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On for Someone’s Sake Attitudes

Rønnow-Rasmussen, Toni LU (2008) ECAP 6: Sixth European Congress of Analytic Philosophy
Abstract
In “Analysing Personal Value” (Jour of Ethics, Volume 11, Number 4, 2007) I explored the possibility of expanding standard value taxonomies with a new kind of values, so called personal values, i.e., values that we ascribe to things with an eye to some particular person. By fine-tuning a classic fitting-attitude analysis, it was argued that the following pattern might work,

(FAP) An object O’s positive value for a person x (i.e., x’s personal value),

consists in the existence of normative reasons for favouring O for x’s sake

One drawback with FAP has to do with the fact that there is no well-known or swift and easy way to characterize the type of “favouring O for x’s sake”- attitude referred to in FAP (so... (More)
In “Analysing Personal Value” (Jour of Ethics, Volume 11, Number 4, 2007) I explored the possibility of expanding standard value taxonomies with a new kind of values, so called personal values, i.e., values that we ascribe to things with an eye to some particular person. By fine-tuning a classic fitting-attitude analysis, it was argued that the following pattern might work,

(FAP) An object O’s positive value for a person x (i.e., x’s personal value),

consists in the existence of normative reasons for favouring O for x’s sake

One drawback with FAP has to do with the fact that there is no well-known or swift and easy way to characterize the type of “favouring O for x’s sake”- attitude referred to in FAP (so called PS-attitudes). This work attempts to remedy this deficiency. In doing so, it sets out from the idea that we should not confuse what causes us to have an attitude with that which is the intentional object of the attitude. This paper then probes to what extent it is possible to situate the defining characteristic of PS- attitudes in their intentional content. What considerably complicates this approach is the idea that attitudes are in general discerning, i.e., they are directed to objects on account of some particular property or properties of the objects to which they are directed. By considering two quite different discerning attitudes, love and admiration, it is argued that properties that figure in the intentional content of love do so (at least in typical cases) differently from the role they play in admiration. Introducing the distinction between justifiers and identifiers, which corresponds to the two roles which properties may play in the intentional content of an attitude, it is argued that when it comes to admiration properties play the role of justifiers rather than identifiers, but that in the case of love, properties are identifiers. It is next argued that the PS attitudes bear more resemblance to those attitudes that display identifiers rather than justifiers in their content. (Less)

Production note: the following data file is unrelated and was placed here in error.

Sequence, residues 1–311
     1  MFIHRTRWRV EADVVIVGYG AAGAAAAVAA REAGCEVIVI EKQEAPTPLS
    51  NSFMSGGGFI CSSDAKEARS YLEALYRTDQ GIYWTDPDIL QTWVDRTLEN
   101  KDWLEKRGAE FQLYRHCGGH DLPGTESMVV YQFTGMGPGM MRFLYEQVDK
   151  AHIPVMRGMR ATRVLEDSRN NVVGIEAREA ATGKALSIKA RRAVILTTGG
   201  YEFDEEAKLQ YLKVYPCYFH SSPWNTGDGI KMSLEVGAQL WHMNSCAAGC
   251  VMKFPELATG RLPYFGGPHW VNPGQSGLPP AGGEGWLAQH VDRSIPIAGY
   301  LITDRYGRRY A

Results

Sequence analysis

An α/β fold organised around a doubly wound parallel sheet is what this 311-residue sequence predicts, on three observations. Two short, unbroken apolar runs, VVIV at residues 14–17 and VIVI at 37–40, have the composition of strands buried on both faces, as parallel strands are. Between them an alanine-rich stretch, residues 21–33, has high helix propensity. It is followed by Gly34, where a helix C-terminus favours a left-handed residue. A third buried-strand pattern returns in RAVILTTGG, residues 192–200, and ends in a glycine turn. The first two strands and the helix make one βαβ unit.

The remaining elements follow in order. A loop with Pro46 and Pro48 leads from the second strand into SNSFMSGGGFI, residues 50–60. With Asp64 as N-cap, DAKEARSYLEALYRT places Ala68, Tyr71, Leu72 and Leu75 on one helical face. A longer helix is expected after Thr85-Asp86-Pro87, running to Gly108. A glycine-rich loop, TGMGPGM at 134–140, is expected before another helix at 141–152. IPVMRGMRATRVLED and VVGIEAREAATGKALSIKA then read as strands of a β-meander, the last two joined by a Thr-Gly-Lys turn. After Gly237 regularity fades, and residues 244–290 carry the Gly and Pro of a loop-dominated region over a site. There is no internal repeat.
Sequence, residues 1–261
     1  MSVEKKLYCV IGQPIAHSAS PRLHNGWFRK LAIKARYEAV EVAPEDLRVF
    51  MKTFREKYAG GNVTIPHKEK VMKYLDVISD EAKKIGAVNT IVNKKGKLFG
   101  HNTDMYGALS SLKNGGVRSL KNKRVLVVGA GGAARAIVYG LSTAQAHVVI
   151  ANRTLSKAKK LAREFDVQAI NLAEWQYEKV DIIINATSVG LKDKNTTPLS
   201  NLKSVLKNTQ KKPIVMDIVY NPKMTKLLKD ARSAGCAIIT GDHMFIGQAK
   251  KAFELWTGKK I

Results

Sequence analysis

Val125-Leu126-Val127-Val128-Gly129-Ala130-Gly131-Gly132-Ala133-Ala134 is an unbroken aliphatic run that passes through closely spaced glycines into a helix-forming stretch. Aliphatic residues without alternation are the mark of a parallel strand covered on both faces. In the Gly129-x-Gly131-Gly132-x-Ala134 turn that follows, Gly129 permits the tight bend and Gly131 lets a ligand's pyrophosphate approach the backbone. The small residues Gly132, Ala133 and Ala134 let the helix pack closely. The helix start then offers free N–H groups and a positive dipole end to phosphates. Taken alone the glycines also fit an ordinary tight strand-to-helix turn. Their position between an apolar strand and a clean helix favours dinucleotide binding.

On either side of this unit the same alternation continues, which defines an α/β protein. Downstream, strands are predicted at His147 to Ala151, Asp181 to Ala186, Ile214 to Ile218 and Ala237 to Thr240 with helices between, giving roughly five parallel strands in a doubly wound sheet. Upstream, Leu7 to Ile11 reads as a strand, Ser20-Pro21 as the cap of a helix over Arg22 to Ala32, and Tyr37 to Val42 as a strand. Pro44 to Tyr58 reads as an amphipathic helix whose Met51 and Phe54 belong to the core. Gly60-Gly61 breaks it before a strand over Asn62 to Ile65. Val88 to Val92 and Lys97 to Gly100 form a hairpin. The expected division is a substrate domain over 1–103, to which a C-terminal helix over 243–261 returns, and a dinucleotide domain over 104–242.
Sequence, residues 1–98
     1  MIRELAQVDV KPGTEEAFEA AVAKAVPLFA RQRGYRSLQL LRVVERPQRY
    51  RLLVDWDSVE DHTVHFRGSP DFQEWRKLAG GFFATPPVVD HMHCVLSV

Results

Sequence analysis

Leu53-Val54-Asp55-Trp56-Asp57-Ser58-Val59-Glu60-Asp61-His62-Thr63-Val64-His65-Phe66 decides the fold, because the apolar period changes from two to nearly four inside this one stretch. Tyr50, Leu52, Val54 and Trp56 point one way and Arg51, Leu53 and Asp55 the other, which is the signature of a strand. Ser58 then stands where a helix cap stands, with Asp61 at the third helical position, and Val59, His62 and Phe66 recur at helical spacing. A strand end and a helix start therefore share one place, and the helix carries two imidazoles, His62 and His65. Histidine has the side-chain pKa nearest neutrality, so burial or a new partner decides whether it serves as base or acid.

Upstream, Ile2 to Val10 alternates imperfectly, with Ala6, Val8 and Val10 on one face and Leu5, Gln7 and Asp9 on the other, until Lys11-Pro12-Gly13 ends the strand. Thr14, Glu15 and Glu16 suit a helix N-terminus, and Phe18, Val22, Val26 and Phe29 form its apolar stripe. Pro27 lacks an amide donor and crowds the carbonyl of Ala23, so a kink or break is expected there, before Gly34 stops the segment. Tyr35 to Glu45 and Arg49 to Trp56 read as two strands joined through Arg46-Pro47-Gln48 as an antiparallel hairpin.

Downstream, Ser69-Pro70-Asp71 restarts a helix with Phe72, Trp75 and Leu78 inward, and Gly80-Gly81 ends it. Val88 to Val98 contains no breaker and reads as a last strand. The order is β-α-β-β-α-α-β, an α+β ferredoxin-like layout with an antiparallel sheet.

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ECAP 6: Sixth European Congress of Analytic Philosophy
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English
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yes
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20657d20-de64-4660-98f0-a8c96b6dfbc2 (old id 1259840)
date added to LUP
2008-10-30 09:46:34
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@misc{20657d20-de64-4660-98f0-a8c96b6dfbc2,
  abstract     = {In “Analysing Personal Value” (Jour of Ethics, Volume 11, Number 4, 2007) I explored the possibility of expanding standard value taxonomies with a new kind of values, so called personal values, i.e., values that we ascribe to things with an eye to some particular person. By fine-tuning a classic fitting-attitude analysis, it was argued that the following pattern might work, <br/><br>
(FAP) An object O’s positive value for a person x (i.e., x’s personal value), <br/><br>
 consists in the existence of normative reasons for favouring O for x’s sake <br/><br>
One drawback with FAP has to do with the fact that there is no well-known or swift and easy way to characterize the type of “favouring O for x’s sake”- attitude referred to in FAP (so called PS-attitudes). This work attempts to remedy this deficiency. In doing so, it sets out from the idea that we should not confuse what causes us to have an attitude with that which is the intentional object of the attitude. This paper then probes to what extent it is possible to situate the defining characteristic of PS- attitudes in their intentional content. What considerably complicates this approach is the idea that attitudes are in general discerning, i.e., they are directed to objects on account of some particular property or properties of the objects to which they are directed. By considering two quite different discerning attitudes, love and admiration, it is argued that properties that figure in the intentional content of love do so (at least in typical cases) differently from the role they play in admiration. Introducing the distinction between justifiers and identifiers, which corresponds to the two roles which properties may play in the intentional content of an attitude, it is argued that when it comes to admiration properties play the role of justifiers rather than identifiers, but that in the case of love, properties are identifiers. It is next argued that the PS attitudes bear more resemblance to those attitudes that display identifiers rather than justifiers in their content.},
  author       = {Rønnow-Rasmussen, Toni},
  language     = {eng},
  title        = {On for Someone’s Sake Attitudes},
  year         = {2008},
}